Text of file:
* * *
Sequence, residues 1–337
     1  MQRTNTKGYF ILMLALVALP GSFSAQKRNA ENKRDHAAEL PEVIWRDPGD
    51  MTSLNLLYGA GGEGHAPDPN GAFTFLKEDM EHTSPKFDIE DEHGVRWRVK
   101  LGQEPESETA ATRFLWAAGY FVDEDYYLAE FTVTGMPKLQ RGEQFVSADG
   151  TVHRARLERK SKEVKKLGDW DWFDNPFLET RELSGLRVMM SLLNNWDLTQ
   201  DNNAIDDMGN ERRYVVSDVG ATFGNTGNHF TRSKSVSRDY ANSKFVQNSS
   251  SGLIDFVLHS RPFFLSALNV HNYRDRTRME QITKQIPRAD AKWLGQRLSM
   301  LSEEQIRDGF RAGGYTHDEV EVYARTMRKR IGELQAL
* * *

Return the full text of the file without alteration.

Sequence, residues 1–337
     1  MQRTNTKGYF ILMLALVALP GSFSAQKRNA ENKRDHAAEL PEVIWRDPGD
    51  MTSLNLLYGA GGEGHAPDPN GAFTFLKEDM EHTSPKFDIE DEHGVRWRVK
   101  LGQEPESETA ATRFLWAAGY FVDEDYYLAE FTVTGMPKLQ RGEQFVSADG
   151  TVHRARLERK SKEVKKLGDW DWFDNPFLET RELSGLRVMM SLLNNWDLTQ
   201  DNNAIDDMGN ERRYVVSDVG ATFGNTGNHF TRSKSVSRDY ANSKFVQNSS
   251  SGLIDFVLHS RPFFLSALNV HNYRDRTRME QITKQIPRAD AKWLGQRLSM
   301  LSEEQIRDGF RAGGYTHDEV EVYARTMRKR IGELQAL